Total Factor Productivity. Courtesy: Global Harvest Initiative

Key to a healthy, sustainable world: Partnership and collaboration in agriculture

Total Factor Productivity. Courtesy: Global Harvest Initiative

Total Factor Productivity. Courtesy: Global Harvest Initiative

What the 2018 GAP Report® recommends

Is the world prepared to feed nearly 10 billion people by 2050? What role do consumers, producers, policy makers and other stakeholders play in ensuring that adequate and nutritious food does not cost us the earth, literally? A comprehensive report on the state of global agricultural productivity – the GAP Report® – outlines the answers to these critical questions.

“For the fifth consecutive year, global agricultural productivity is not growing fast enough to sustainably meet the needs of a growing population,” according to the 2018 Global Agricultural Productivity Index™ (GAP Index™), an indicator of agricultural productivity growth introduced by the Global Harvest Initiative in 2010. The annual Global Agricultural Productivity Report (GAP Report®) analyzes progress made every year towards sustainably increasing worldwide agricultural output.

The recently published 2018 GAP Report® explores consumer trends influencing the global food system and highlights challenges towards sustainably feeding a world population of nearly 10 billion people in 2050. It emphasizes that multiple institutions, communities and governments need to work together as one to ensure that the burgeoning population is kept nourished without damaging the earth’s natural resources irreparably.

Dr Kiran Sharma, Deputy Director General – Research, ICRISAT, was one of the panelists at the launch of the GAP Report® on 17 October as part of the World Food Prize events. He gave his insights, as an agricultural innovation leader, on the sustainable production of affordable and nutritious food and agricultural products.

Since 2010, global Total Factor Productivity1 (TFP) growth (a measure of agricultural productivity) has been increasing only by 1.51%, against 1.75% – the required average annual rate to double agricultural productivity by 2050. The report predicts that if this trend continues, farmers in low-income countries (where TFP growth is even lower at 0.96%) will use more inputs and resources to get higher outputs, disrupting natural resource bases.

Some key trends emerging out of an evolving global population include:

  • The number of older (>60 years old) as well as younger (<15 years old) people in the world is growing due to better life expectancies and higher birth rates.
  • Urban population is set to double (from 2.5 billion to 5 billion) between 2000 and 2030.
  • Drought and conflict contribute to higher numbers of the hungry (821 million) and the acutely malnourished
    (124 million).
  • Women – primary influencers of food-related decisions in households – consider price, nutrition and convenience as major factors in decision making.
  • One-third of the earth’s land surface is used for agriculture – the world’s largest single use of land. Agriculture is also the world’s largest user of water.
  • Agricultural workers will contribute to 66% of hours lost due to heat stress; 66% of agricultural workers live in extreme poverty.
The global agricultural productivity (gap) index™ Courtesy: Global Harvest Initiative

The global agricultural productivity (gap) index™ Courtesy: Global Harvest Initiative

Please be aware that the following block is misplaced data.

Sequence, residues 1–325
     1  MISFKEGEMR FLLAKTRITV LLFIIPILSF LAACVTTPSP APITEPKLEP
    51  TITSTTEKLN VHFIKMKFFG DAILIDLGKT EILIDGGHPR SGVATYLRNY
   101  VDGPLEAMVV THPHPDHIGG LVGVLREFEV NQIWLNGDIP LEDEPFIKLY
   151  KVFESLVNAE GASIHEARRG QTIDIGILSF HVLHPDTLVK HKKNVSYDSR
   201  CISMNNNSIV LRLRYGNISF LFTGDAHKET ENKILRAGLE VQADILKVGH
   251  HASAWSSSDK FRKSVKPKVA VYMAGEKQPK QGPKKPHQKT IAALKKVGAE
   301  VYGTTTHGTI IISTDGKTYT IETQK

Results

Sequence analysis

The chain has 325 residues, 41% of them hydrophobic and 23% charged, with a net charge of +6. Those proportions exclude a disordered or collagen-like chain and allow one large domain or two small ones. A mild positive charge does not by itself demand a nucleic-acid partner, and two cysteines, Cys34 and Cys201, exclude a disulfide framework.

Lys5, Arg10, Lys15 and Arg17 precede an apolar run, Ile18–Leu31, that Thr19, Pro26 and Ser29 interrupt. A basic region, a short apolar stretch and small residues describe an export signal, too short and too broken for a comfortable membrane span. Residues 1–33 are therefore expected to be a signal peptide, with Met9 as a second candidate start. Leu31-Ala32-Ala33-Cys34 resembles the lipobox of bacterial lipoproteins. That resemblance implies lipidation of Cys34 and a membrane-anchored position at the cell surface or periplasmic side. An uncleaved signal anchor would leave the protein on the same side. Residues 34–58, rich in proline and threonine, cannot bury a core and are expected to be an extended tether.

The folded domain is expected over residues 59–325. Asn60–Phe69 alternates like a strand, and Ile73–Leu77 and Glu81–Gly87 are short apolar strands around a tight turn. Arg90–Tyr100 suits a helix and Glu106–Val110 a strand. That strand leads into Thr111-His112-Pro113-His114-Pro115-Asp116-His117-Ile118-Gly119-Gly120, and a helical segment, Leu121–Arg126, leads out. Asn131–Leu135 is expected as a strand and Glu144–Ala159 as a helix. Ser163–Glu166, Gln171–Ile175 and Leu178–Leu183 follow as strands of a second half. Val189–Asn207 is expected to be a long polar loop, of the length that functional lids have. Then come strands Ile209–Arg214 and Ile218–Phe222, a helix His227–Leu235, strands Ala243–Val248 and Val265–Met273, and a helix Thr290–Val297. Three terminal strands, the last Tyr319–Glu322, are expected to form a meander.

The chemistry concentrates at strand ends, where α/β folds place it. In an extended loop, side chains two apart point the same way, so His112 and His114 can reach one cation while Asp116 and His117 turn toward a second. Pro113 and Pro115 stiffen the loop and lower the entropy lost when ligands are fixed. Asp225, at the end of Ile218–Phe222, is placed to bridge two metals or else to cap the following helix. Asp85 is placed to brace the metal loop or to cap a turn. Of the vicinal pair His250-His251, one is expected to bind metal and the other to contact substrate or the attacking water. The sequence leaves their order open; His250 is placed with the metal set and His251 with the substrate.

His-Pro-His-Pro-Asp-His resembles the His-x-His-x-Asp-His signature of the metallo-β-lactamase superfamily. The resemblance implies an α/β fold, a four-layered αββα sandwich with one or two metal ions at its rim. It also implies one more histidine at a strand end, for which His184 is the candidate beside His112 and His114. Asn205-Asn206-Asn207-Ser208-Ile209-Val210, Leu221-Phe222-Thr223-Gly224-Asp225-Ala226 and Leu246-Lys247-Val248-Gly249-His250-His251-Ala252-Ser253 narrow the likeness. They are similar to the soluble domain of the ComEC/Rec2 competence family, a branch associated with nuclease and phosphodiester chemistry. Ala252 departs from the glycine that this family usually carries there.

What do these trends signify?

The report decodes the underlying meaning of these trends and uses them to chart next steps for a sustainable and productive agriculture-and-food system. It specifically outlines a few policy goals to meet the global demand for food and nutrition in an ecologically viable way.

Strategic policy goals for a sustainably productive world

Invest in agricultural research: Public agricultural R&D and extension programs are principal drivers of TFP growth as they deliver information and innovation to the producers.

Adopt science-based and information technologies: IT can help raise consumer awareness about agricultural products while science-backed agri apps can help farmer combat risks such as climate change and disease.

Enhance private-sector involvement in agriculture and infrastructure development: Involving the private sector in infrastructure projects can boost development and efficiency, opening new markets for agricultural producers and helping reduce poverty.

Cultivate partnerships: Interconnecting governments, communities, institutions and public and private organizations, can accelerate development of agricultural economies, improving lives of all citizens, especially small-scale producers.

Foster regional and global agricultural trade: Policies that help build capacities of countries to trade globally will enable modernization of food production, help smallholder farmers improve their livelihoods by accessing larger markets, and also allow consumers access to a wide variety of foods.

These strategies resonate well with ICRISAT’s goal of making agriculture productive and profitable to smallholder farmers, tackling malnutrition and preventing environmental degradation globally, and especially in the drylands.

The 2018 GAP Report®, therefore, provides an actionable roadmap not just for agricultural research-and-development organizations such as ICRISAT, but also for the private sector, governments and civil society to reach the ambitious, yet realistic goal of providing wholesome nutrition and health to all world citizens by 2050.

About the author:
Rajani Kumar,
Communication Officer,
Strategic Marketing & Communication,

1Total Factor Productivity (TFP) is the measure of agricultural productivity (including crops and livestock) while keeping inputs (land, labor, feed, etc.) constant. It is a ratio measuring changes with regard to how efficiently agricultural inputs are transformed into outputs.

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